Clearly, the Kingdom’s establishment media is trying to influence Saudi views on manual or service economy work by constantly promoting the theme of “Saudis becoming interested in” X type of work. A segment from the April 2014 episode of 8:00, interviewing two young Saudi management trainees at a local MacDonald’s, is a perfect example of this trend. They are clearly happy to have such an opportunity and when framed as “working for a global company” it has a certain prestige factor and if this attitude were representative of other Saudis it would be a very positive development.
In fact, I believe, the areas of the economy with the most potential for Saudi employment are blue-collar sectors such as manufacturing, construction and maintenance. For example, just 6% of workers in the construction sector are Saudi nationals, making it one of the least localized sectors of the economy. This also means it is the sector with the highest number of available, already existing jobs.
Some dismiss this argument out of hand saying that Saudis just will not work those jobs. But, the grandfathers of the Kingdom’s younger generation worked with their hands, so there is no long-term cultural aversion to “hard work.” The issue is primarily one of status; if wages rise, so will interest in these types of jobs. According to Table 51 of the MOL 2013 report, construction brings in the lowest average salaries for Saudi males at just $937 per month. However, since this type of work is often for publicly-funded government projects, higher wages can be written into bids without affecting the bottom line of private sector firms.
Furthermore, there are enough examples of successful industrial or manufacturing projects staffed by Saudi labor to refute the myth that Saudis will not or cannot work in this field (see Mr. Amr Khashoggi’s comments about the situation in his firm during the May 2014 SUSTG webinar on Saudi Labor reform). If we look at countries such as Germany or the U.S. where mechanics, construction workers, plumbers, etc., all make attractive wages and have a certain “masculine” status within their communities, there is no reason this can’t happen in Saudi Arabia.
Women in the Work Force
Perhaps the most overlooked story related to Saudi Arabia is the ongoing and rapid rise in the status of women in the work force. (See a recent SUSTG article by Nouf Al Sidiq and Stefanie Hausheer for more on this trend).
The numbers are very clear: a huge jump in the employment of Saudi women in the private sector rising from 55,000 in 2010 to 398,000 at the end of 2013.
Arguably more important, however, are ongoing social developments. We often read in the media about how bad the situation is for Saudi women compared to other countries. If this is true I would argue that the differences are relatively superficial and are primarily related to the fact that Saudi society’s interaction with the modern world began much more recently and it has taken longer for it to come to an accommodation between its traditional Islamic values and modern gender balances. Consequently there is an intense social conservatism, shared generally speaking by both Saudi men and women – which is a contributing factor in limiting women’s unemployment.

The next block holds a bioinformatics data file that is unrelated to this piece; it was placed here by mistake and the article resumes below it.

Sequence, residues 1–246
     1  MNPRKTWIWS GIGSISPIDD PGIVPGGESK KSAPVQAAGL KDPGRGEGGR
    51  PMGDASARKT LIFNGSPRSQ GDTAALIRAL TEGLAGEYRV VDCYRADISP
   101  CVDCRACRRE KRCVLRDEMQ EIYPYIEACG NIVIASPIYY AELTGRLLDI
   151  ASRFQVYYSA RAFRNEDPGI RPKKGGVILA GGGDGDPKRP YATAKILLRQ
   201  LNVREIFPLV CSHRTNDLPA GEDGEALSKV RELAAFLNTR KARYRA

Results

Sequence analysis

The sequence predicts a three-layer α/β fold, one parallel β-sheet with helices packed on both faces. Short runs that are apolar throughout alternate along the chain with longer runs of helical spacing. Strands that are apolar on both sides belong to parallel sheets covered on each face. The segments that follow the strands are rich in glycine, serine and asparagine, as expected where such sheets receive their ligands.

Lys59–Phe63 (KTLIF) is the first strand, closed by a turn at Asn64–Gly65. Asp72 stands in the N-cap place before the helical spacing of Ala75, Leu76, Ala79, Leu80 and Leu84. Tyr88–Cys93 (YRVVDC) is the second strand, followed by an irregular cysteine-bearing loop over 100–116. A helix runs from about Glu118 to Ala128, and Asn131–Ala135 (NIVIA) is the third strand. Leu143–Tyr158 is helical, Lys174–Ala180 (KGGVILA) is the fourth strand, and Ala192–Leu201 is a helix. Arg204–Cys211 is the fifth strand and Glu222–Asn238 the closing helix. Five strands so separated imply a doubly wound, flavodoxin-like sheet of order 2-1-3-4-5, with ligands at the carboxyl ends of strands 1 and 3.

For example, women are often the best candidate for a given job but as the experience of one women working as a receptionist in a male dominated office shows, many employers prefer not to hire them to avoid the hassle. Any job that requires interactions with unrelated males can be a cultural red-line that many Saudis, employers and potential female employees and their families are wary about crossing.
However, the MOL deserves credit for a variety of creative schemes that seek to accommodate Saudi conservatism with the economic need for employment. Witness the case of a new decree requiring more retail shops to close by 9pm instead of 11pm or midnight. Requiring women to stay away from their homes until close to midnight is something that many Saudis are not comfortable and therefore the job is not appealing to women. So, this type of policy reform should theoretically help generate new employment opportunities for women.
Most importantly, as with the question of ‘appropriate’ jobs for men, the Kingdom’s establishment media is constantly being used as a bully pulpit aimed at gradually breaking down social resistance towards a more active role for women in society. Not a week goes by that articles with themes such as women overcoming stigmas to be waitresses or the appointment of female paramedics or women gaining interest in blue collar jobs fail to appear in the press.
The rise in the status of Saudi women is a process that cannot be reversed. They now make up the majority of students at the university level and with every passing year their increased role in the workplace becomes less of a shock to conservative sensitivities. This is only a good thing for the fate of labor reform because more opportunities for women in sectors that have traditionally been reserved formally or informally for men combined with an increase in the number of qualified women will create more competition for jobs and force better performance by Saudi men. This process will inevitably increase the overall quality of the Saudi worker.
There is no magic solution to the question of Saudi employment. The problems described in this article have accumulated over decades and will not be fixed overnight. Unemployment and underemployment will be a challenge in Saudi Arabia for the foreseeable future.
However, the Minister of Labor, Adel Faqih, and his team clearly have the strong political support of the country’s top leadership and the government appears to be firmly committed to labor reform. The post-2011 round of reform – something that had been attempted several times before, is producing meaningful and unprecedented results. A 100% increase in private sector employment of Saudi nationals over the course of just three years cannot be dismissed. And, in harder to quantify areas like attitudes towards blue-collar work or changes in society’s views towards women in the workplace, there is enough evidence to suggest that the trends are moving in the right direction.
Nathan Field is the co-founder of Industry Arabic and spent several years in Saudi Arabia working on consulting projects with the Saudi government. Contact him at Nathan@industryarabic.com